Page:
The U.S. Department of Health and Senior Services announced that more than 220,000 New Jersey residents will receive a rebate averaging $104 this summer, under the Patient Protection and Affordable Care Act that requires insurance companies to return money to policy holders if profits or administrative costs exceed statutory medical loss ratios. When an employer receives a rebate, it must decide how much of the rebate belongs to the Plan (employer) and how much belongs to the participant (employee). In a simple case, this allocation can be based on the manner in which the employer and employee have shared in the cost of health care. The portion retained by the employer is not considered a plan asset and may be used at the discretion of the employer.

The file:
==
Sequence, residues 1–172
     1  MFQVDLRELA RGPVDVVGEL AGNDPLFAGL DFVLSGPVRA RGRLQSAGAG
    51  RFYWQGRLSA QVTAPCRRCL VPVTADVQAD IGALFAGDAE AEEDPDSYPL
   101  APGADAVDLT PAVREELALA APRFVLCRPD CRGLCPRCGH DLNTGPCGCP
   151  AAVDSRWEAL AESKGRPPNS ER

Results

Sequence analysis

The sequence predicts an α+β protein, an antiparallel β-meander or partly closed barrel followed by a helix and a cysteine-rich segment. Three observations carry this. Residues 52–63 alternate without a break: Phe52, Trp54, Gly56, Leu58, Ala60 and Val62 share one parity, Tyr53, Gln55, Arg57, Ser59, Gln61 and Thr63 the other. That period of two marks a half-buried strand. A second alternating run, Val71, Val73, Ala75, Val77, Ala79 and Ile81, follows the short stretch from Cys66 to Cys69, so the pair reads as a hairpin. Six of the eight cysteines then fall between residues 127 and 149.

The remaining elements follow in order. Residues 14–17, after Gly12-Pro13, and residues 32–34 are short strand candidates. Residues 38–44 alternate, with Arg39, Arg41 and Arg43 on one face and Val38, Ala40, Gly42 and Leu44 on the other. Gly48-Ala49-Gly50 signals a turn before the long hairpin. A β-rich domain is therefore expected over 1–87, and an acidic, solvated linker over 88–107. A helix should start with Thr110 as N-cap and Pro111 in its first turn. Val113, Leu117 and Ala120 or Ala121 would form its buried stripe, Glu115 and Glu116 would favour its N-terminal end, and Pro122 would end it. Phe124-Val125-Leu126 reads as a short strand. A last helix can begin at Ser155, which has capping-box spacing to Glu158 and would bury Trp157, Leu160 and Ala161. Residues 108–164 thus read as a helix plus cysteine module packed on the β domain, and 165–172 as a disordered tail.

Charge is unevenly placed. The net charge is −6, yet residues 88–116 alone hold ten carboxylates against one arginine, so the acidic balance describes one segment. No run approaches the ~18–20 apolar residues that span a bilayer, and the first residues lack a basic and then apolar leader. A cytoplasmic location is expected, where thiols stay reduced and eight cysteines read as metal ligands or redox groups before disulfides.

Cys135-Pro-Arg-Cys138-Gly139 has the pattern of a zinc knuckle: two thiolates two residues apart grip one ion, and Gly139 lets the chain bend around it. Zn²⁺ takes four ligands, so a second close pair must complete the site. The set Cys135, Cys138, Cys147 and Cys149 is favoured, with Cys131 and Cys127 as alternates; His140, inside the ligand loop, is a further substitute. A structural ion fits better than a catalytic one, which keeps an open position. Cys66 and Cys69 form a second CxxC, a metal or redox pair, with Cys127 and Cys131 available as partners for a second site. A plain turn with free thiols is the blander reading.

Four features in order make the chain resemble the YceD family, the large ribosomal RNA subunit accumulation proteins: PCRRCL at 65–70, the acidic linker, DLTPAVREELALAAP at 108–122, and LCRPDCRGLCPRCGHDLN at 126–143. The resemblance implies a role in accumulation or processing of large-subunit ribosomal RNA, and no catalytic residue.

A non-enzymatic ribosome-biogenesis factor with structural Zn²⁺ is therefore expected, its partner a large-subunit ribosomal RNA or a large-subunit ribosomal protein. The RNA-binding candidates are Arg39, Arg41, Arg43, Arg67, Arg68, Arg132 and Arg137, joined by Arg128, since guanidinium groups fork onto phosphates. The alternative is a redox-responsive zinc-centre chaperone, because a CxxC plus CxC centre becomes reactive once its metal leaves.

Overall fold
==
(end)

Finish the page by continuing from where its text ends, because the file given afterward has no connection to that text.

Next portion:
Employers have 90 days from receipt of the rebates to make payments to participants. Payments to participants are taxable income according to the IRS guidance. Accordingly, rebates are “wages” for purposes of withholding taxes and compensation under most retirement plans.
As an alternative to issuing a check to participants, employers may reduce an employee’s health care premium contribution for a payroll period. This approach has the same effect as the issuance of a check, resulting in an additional wages for withholding purposes.
Employers must decide whether to issue checks to employees or to utilize the offset approach. Click here for EANJ’s Guidance Document.